What does panic mean?

Definitions for panic
ˈpæn ɪkpan·ic

Here are all the possible meanings and translations of the word panic.

Princeton's WordNet

  1. panic, terror, affright(noun)

    an overwhelming feeling of fear and anxiety

  2. panic, scare(verb)

    sudden mass fear and anxiety over anticipated events

    "panic in the stock market"; "a war scare"; "a bomb scare led them to evacuate the building"

  3. panic(verb)

    be overcome by a sudden fear

    "The students panicked when told that final exams were less than a week away"

  4. panic(verb)

    cause sudden fear in or fill with sudden panic

    "The mere thought of an isolation cell panicked the prisoners"

Wiktionary

  1. panic(Noun)

    Overpowering fright, often affecting groups of people or animals.

    Etymology: From panique, from πανικός. Pan is the god of woods and fields who was the source of mysterious sounds that caused contagious, groundless fear in herds and crowds, or in people in lonely spots.

  2. panic(Noun)

    Rapid reduction in asset prices due to broad efforts to raise cash in anticipation of continuing decline in asset prices.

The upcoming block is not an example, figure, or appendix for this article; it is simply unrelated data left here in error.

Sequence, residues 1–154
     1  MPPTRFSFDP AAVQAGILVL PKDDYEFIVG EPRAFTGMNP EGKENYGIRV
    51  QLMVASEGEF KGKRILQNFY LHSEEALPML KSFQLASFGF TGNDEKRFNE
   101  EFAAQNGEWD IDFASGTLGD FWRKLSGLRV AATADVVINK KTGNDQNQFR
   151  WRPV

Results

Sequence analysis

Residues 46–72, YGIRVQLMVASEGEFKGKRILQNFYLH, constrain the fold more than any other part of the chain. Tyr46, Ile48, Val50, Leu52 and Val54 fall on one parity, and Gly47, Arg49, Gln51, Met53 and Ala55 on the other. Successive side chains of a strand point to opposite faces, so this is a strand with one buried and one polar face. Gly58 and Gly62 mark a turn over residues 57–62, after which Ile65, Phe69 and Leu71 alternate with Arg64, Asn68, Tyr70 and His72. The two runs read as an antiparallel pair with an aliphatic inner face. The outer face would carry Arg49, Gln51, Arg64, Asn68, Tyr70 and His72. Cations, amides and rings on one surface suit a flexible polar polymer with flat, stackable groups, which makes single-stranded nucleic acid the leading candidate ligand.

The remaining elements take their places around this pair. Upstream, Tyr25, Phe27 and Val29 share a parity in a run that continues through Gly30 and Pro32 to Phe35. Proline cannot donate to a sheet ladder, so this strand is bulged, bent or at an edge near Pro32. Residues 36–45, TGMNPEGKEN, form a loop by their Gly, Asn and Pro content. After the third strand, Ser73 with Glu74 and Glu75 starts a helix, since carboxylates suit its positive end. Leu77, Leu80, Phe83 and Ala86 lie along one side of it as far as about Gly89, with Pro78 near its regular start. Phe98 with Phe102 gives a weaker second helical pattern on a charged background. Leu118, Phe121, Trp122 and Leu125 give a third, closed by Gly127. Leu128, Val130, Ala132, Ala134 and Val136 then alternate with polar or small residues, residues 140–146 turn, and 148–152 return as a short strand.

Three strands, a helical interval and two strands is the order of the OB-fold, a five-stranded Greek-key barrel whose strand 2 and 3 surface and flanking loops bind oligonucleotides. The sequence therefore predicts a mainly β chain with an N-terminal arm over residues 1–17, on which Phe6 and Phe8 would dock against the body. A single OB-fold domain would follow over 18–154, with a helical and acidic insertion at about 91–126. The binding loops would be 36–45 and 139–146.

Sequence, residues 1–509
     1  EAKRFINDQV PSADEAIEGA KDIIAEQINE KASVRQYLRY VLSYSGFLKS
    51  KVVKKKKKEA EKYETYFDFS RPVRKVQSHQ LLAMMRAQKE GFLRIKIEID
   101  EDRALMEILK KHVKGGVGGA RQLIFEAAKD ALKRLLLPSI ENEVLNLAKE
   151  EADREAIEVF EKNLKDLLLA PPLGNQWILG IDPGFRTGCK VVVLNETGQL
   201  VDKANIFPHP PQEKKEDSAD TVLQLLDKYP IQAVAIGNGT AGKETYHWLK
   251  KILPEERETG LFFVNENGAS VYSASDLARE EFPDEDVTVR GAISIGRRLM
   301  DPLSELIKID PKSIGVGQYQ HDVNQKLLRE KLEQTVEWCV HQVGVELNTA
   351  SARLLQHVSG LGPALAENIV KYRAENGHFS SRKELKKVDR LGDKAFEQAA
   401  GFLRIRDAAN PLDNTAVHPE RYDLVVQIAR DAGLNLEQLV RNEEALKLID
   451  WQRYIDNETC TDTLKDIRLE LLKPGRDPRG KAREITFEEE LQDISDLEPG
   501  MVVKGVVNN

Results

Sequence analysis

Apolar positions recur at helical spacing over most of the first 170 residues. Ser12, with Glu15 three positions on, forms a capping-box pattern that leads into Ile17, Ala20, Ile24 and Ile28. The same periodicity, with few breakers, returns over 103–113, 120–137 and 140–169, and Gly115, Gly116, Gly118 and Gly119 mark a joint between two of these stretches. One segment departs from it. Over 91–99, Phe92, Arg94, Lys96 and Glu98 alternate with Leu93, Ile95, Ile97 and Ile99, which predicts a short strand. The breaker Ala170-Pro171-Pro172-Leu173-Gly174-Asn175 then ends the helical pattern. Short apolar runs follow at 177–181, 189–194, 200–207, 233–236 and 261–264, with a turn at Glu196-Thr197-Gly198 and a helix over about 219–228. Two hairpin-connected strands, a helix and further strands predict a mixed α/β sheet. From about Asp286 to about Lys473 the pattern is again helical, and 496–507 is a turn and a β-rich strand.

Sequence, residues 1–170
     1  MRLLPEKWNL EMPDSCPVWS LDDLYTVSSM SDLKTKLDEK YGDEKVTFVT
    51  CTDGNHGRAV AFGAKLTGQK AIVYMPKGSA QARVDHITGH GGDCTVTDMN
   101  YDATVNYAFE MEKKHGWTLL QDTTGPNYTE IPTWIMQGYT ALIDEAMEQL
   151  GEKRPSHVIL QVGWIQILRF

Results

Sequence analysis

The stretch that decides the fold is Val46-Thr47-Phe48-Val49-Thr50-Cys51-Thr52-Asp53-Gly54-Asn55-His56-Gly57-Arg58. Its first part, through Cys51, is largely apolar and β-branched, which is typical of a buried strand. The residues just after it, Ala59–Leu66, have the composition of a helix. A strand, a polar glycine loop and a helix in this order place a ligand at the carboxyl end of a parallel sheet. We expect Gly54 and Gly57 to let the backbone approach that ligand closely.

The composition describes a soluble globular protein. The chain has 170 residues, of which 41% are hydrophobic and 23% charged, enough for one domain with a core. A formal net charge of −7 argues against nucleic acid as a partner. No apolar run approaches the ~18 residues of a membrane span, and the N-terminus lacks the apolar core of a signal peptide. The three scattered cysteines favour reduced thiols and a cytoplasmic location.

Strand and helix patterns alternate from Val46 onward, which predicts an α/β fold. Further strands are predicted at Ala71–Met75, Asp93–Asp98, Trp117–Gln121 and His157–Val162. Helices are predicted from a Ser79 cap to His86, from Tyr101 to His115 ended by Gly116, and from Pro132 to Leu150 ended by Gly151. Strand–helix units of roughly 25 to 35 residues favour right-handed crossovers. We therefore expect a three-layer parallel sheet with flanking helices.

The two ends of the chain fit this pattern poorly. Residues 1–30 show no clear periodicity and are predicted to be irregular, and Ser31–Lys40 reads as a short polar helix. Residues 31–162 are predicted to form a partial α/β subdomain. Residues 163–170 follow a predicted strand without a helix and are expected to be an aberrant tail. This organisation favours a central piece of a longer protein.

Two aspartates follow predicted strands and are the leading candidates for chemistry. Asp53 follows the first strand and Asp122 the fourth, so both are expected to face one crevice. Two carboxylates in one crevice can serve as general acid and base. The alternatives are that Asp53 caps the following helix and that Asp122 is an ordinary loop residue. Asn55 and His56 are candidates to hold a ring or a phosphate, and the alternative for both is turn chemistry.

Etymology: From panique, from πανικός. Pan is the god of woods and fields who was the source of mysterious sounds that caused contagious, groundless fear in herds and crowds, or in people in lonely spots.

  3. panic(Verb)

    To feel overwhelming fear.

    Etymology: From panique, from πανικός. Pan is the god of woods and fields who was the source of mysterious sounds that caused contagious, groundless fear in herds and crowds, or in people in lonely spots.

  4. panic(Adjective)

    Pertaining to the god Pan.

    Etymology: From panique, from πανικός. Pan is the god of woods and fields who was the source of mysterious sounds that caused contagious, groundless fear in herds and crowds, or in people in lonely spots.

  5. panic(Adjective)

    Of fear, fright etc: sudden or overwhelming (attributed by the ancient Greeks to the influence of Pan).

    Etymology: From panique, from πανικός. Pan is the god of woods and fields who was the source of mysterious sounds that caused contagious, groundless fear in herds and crowds, or in people in lonely spots.

  6. Panic(Adjective)

    Pandean

    Etymology: From panique, from πανικός. Pan is the god of woods and fields who was the source of mysterious sounds that caused contagious, groundless fear in herds and crowds, or in people in lonely spots.

Webster Dictionary

  1. Panic(noun)

    a plant of the genus Panicum; panic grass; also, the edible grain of some species of panic grass

    Etymology: [L. panicum.]

  2. Panic(adj)

    extreme or sudden and causeless; unreasonable; -- said of fear or fright; as, panic fear, terror, alarm

    Etymology: [L. panicum.]

  3. Panic(adj)

    a sudden, overpowering fright; esp., a sudden and groundless fright; terror inspired by a trifling cause or a misapprehension of danger; as, the troops were seized with a panic; they fled in a panic